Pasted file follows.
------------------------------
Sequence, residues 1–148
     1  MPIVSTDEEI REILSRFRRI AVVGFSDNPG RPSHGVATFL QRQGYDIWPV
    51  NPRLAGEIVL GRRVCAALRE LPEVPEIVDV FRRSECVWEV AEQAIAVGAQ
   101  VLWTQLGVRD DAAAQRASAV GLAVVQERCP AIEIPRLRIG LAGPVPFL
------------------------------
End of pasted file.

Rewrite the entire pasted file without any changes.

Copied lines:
Sequence, residues 1–148
     1  MPIVSTDEEI REILSRFRRI AVVGFSDNPG RPSHGVATFL QRQGYDIWPV
    51  NPRLAGEIVL GRRVCAALRE LPEVPEIVDV FRRSECVWEV AEQAIAVGAQ
   101  VLWTQLGVRD DAAAQRASAV GLAVVQERCP AIEIPRLRIG LAGPVPFL